PDA

View Full Version : Jung and Alchemy



fms panzerfaust
Tuesday, July 5th, 2005, 02:17 AM
Jung and Alchemy

by Mark L. Dotson

Spring 1996

Alchemy, in our day, is an aspect of our European heritage which most of us view as being silly. The general consensus is that alchemy was a product of a more primitive worldview. It is somewhat puzzling as to why a twentieth-century psychologist like C.G. Jung would have such a passionate interest in the subject. In this paper, I will attempt to explicate Jung's ideas concerning alchemy. Following a short critique of his views, I will add a few of my own thoughts.



Basically, alchemy is the attempt to transmute base metals, such as lead, into silver or gold. Theories have arisen in many different cultures as to how this could be done. The movement was at its peak during the Middle Ages in Europe. Alchemists were concerned with discovering a substance called the philosopher's stone, which would enable them to make the transformation. They were also searching for something called the elixir of life, which supposedly was a potion that would cure all disease and make humans immortal. Besides being a primitive form of chemistry, alchemy was also replete with a system of symbols which illustrated the alchemical process. Jung saw in these symbols a depiction of human psychological development.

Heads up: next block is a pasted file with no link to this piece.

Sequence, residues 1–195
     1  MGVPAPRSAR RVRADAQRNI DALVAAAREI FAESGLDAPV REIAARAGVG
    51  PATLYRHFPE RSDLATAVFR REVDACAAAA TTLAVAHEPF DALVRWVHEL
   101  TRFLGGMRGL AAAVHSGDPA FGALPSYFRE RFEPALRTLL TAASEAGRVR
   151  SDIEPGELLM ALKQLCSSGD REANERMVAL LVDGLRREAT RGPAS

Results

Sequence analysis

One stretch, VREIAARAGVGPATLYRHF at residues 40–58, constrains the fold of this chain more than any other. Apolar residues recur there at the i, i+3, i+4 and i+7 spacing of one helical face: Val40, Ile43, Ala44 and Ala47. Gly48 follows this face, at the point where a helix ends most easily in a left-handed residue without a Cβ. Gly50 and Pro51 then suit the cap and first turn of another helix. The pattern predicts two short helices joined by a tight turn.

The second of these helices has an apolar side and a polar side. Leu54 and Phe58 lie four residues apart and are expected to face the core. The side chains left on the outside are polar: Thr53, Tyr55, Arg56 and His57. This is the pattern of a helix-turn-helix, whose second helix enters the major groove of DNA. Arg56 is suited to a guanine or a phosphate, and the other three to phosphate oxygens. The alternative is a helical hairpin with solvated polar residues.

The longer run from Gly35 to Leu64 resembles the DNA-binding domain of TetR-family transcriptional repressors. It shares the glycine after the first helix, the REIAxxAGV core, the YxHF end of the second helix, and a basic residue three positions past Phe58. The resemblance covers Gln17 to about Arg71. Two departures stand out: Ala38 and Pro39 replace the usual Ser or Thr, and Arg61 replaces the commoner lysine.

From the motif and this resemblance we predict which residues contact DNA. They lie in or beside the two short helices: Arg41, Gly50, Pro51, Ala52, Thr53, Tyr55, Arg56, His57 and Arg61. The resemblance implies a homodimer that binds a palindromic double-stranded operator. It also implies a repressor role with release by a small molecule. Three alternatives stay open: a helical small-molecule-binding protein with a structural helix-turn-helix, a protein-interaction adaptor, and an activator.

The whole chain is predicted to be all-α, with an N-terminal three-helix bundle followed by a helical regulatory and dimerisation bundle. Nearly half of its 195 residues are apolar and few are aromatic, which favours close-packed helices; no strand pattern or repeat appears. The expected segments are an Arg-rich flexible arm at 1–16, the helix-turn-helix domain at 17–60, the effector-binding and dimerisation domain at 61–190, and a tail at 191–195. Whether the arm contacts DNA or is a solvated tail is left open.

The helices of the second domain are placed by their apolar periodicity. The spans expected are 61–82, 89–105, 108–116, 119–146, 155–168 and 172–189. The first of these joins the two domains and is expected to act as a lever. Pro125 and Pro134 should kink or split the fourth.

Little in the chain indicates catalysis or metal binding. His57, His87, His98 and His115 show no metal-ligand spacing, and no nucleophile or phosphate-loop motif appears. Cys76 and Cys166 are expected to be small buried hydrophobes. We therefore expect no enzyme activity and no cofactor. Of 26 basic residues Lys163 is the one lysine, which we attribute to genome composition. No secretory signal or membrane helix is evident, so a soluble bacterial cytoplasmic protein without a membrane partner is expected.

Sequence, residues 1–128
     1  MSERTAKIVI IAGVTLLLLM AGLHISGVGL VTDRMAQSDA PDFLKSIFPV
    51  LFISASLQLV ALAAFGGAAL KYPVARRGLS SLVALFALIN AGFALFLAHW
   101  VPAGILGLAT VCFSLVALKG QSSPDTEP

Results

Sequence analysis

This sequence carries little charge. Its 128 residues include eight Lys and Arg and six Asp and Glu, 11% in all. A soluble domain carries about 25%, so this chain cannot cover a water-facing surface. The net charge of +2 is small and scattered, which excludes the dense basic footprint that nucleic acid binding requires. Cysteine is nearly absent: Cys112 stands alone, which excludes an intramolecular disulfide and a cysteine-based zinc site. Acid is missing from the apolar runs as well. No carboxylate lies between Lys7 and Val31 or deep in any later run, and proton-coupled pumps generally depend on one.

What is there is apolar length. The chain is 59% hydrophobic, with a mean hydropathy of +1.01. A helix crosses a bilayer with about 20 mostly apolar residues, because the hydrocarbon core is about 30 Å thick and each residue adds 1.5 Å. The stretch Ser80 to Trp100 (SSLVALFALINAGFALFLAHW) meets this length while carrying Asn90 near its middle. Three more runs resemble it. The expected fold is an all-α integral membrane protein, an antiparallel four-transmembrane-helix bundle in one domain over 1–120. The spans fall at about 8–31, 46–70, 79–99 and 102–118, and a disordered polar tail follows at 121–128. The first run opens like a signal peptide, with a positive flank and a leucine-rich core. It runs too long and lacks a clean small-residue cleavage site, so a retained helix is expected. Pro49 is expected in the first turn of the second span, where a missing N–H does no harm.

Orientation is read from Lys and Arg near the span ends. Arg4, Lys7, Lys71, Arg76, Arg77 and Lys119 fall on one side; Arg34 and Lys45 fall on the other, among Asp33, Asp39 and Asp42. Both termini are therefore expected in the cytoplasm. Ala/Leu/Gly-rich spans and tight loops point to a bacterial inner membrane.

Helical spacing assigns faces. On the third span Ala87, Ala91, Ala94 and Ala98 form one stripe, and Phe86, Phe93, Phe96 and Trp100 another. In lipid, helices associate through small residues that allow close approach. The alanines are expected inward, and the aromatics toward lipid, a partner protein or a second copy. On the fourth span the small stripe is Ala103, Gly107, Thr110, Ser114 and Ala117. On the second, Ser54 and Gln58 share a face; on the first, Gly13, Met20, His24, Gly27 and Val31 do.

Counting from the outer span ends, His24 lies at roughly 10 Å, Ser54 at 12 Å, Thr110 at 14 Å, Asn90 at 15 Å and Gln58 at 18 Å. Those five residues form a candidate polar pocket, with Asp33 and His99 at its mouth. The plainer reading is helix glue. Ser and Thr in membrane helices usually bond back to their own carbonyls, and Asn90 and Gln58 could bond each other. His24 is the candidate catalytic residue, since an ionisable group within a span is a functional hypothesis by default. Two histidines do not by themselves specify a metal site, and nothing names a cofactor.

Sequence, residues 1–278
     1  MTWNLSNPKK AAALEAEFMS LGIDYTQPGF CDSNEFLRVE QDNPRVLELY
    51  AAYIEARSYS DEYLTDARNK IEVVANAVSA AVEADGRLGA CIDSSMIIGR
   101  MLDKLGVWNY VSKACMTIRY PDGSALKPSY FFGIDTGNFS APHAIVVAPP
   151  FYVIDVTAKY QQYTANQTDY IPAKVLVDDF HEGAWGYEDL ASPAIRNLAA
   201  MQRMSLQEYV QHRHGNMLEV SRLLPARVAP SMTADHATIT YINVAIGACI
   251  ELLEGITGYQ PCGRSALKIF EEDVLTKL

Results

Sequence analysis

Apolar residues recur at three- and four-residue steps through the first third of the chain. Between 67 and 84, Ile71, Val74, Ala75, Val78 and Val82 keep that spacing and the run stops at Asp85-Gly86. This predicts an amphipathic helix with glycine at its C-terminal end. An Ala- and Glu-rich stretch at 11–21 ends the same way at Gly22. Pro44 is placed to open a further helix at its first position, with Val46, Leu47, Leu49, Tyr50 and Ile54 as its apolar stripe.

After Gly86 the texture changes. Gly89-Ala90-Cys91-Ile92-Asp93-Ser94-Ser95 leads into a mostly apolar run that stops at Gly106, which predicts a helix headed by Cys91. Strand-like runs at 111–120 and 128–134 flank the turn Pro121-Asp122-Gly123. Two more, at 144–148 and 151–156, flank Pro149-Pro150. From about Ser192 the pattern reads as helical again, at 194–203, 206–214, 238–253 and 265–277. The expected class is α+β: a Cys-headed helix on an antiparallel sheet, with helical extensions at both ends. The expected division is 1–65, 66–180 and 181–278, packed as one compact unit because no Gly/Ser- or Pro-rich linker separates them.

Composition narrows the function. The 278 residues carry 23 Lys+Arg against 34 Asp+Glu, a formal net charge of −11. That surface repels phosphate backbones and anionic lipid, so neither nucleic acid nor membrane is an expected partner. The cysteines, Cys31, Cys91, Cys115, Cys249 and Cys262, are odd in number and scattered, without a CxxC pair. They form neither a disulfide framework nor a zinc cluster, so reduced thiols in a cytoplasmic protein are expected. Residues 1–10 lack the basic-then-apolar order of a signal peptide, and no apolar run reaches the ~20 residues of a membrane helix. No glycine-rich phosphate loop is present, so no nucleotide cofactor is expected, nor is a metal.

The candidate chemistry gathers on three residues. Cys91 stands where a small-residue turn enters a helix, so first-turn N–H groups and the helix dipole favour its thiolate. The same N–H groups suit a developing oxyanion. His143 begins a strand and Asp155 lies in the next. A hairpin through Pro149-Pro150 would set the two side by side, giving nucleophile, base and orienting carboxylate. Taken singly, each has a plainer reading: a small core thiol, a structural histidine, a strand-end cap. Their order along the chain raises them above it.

In the early years of Jung's career, alchemy was just as nonsensical to him as it is to the general public today. He did not make it a serious object of study until the late 1920's when he read an ancient Chinese alchemical text translated by sinologist, Richard Wilhelm, called The Secret of the Golden Flower. This work aroused Jung's interest in alchemy. As a result, he began to collect alchemical writings. Some years later, Jung began to see parallels between the writings of the alchemists and his own psychological theories. "I had stumbled upon the historical counterpart of my psychology of the unconscious" (Memories, Jung 205). The discovery which made Jung think along these lines was that the alchemists were not writing in a literal fashion, but in symbols. According to Jung, these symbols assisted him in understanding the abundance of empirical material which he had gathered from his practice since its inception. He says: